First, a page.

If the devil is in the details, someone should probably check Leyli Homayoonfar for horns and cloven hooves.
I first fell for her food at her Leyli Joon & Co Grangetown supper club: a true family business. She took her Bab Haus to Sticky Fingers for its purple patch, a time we will likely one day look back on and recall fondly as ‘the classic SF line up’. Her flatbreads quickly won many fans, with the Korean fried chicken becoming downright essential. It was so good it made ordering at Sticky Fingers problematic- every dish ordered elsewhere reduced your capacity for that chicken– and that was with her neighbours serving some of the best street food in South Wales. She was one of the first locally to send out themed ‘cookalong at home’ kits: her Korean bibimbap (featuring that chicken) was a thumping success.
Now Barry’s Goodsheds is Bab Haus HQ and these taco kits are available for delivery across the region. And to miss out on these would be, well…inadvisable. Choose between two meats and celeriac: to whit, the answer to the question ‘Ox cheek birria or pork belly carnitas..?’ is, obviously, ‘both.’
Everything is well packaged (don’t take this as a given, I’ve had some horror shows lately). It’s quick hob work, the food ready in minutes, the emphasis on feeding you quickly and well. Which is ironic given the time that has gone into it. That beef is reassuringly knotty, clumpy: evidence of hand-work, of patience and care. Details.
It’s impressive stuff: fascinated by the flavours and textures, I ask Leyli for some insight into its preparation. Multiple chilli varieties, even more aromatics. Rubbing, dry curing, smoking, simmering, shredding, braising: it’s over a day’s worth of investment in time and care and the interplay of smoke, herbs and spicing which brings this to your door. ‘Artisan’ has become a drearily misappropriated term, with street food the worst culprit. But this is true craft.
Days in the making, moments in the eating. The beef tacos (£25) are stuffed with cheese and toasted briefly in the pan- that savoury, warming, oozing tangle which leaves your hands dripping and your eyes smiling is no accident. It’s a hot mess. Elegant? No. A volley of indulgence, messy in all the right ways? Yes, please and thank you.
And the pork? I like that even more. I’m seduced by the language: ‘Fry your carnitas in the pork belly fat’ is the kind of talk which can only end well. Again, it’s all in those deft touches: the process is time-consuming, swallowing hours of careful preparation and oversight. Could it be done more quickly? Doubtlessly. Are details and integrity important? Evidently. Thankfully.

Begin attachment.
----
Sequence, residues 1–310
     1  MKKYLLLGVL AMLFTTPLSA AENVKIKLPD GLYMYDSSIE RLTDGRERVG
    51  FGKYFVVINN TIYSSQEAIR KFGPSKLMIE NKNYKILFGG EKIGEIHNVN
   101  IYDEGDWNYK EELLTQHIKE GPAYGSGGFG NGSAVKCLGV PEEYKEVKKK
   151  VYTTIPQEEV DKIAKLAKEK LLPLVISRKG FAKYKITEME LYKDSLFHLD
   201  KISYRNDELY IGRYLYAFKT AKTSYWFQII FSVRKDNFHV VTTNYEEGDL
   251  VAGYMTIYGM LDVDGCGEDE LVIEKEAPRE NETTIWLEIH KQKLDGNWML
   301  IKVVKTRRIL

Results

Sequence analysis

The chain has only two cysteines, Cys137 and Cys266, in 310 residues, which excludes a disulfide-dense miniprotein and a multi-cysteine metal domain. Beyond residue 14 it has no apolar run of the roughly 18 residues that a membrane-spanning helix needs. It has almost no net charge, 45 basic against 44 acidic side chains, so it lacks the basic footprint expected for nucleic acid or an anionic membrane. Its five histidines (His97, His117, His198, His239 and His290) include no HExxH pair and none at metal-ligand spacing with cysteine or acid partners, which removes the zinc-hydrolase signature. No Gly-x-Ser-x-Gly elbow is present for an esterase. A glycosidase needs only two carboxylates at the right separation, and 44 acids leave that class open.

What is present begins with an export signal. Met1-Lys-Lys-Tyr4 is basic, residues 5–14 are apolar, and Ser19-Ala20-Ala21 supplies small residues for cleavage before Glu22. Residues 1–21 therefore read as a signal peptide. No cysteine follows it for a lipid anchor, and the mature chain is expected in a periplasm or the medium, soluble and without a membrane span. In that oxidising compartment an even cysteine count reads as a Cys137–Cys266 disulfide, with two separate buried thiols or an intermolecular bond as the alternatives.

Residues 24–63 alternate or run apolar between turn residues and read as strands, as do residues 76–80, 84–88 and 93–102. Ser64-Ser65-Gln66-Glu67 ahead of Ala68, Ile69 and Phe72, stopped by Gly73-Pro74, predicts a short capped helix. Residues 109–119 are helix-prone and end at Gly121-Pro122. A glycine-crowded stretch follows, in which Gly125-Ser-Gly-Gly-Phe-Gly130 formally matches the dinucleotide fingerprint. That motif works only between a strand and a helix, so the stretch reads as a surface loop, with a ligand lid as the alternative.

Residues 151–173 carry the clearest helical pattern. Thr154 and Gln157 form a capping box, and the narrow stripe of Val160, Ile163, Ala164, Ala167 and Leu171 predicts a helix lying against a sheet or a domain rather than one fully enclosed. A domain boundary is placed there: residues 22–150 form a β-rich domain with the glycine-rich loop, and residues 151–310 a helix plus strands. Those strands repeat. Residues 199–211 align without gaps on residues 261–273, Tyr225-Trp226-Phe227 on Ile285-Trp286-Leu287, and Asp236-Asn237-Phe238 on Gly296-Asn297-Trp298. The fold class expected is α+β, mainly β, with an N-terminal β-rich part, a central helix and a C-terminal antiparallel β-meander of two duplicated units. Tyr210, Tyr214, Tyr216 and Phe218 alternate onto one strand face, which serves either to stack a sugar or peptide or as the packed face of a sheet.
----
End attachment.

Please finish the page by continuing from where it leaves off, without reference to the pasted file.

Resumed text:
It’s time well spent. These are instantly memorable handfuls, smoky-juicy and aromatic, and with plenty of ways provided to build each one, from the snap of light pickled onions to sour cream and guacamole, red chillies or shredded cabbage. The richness of the peanut matcha would be a standout in any other kit it’s nothing short of lovely. But the one you’ll keep coming back to, the one that’ll have you running your finger around the rapidly emptying pot? That’ll be the salsa roja.
What a compelling thing this is. By turns smoky and fruity, sweet yet hot and sour, this is something they should bottle or at least offer as ‘add on’ for delivery. You could add this to scrambled eggs, ham sandwiches, stir fried broccoli- anything that would benefit from that warming lift. I eat it with a spoon. It’s superb.
Portions are generous to a fault: you get six tortillas per box for your £28 but you could spin this amount of meat out into another few tacos at least. Quality and quantity. They won’t last long- this is fun food.
You never hear a bad word about Leyli’s food. Trust me, when you come out swinging for good local businesses, there’s always someone who will get in touch to tell you of the time they went and found it overpriced, underwhelming, just lacking in something. Consistency is key after all: many restaurants can impress you once, but let you down another time, which is why this blog rarely reviews off a single visit.
The quality in this box is just the latest example of Leyli Homayoonfar’s commitment to skill, to her craft. It tastes as if she’s intent on raising the profile of Mexican street food, our understanding of how good it can be.
It’s all there in the details. But you’ll see that when your own box arrives, won’t you?
Bab Haus Mex kits are here.
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This blog is a very simple thing.
I won’t try to sell you any hand lotion, exercise programmes, coffee syrups or Patagonian nose flutes. You won’t find tips on dating, ‘wellness’ or yoga mats.
I write because I love it (and food, as indicated by my increasing girth). Greed happens to be my Deadly Sin of choice, but at least it is never shy of providing me with subject matter.
A simple thing, then: all you get is me wittering on semi-coherently about places I’ve eaten at; hence a ‘restaurant blog’ rather than a ‘food blog’, although there are a few recipes scattered throughout.
From mezze to Michelin ‘fine dining’ and all points in between.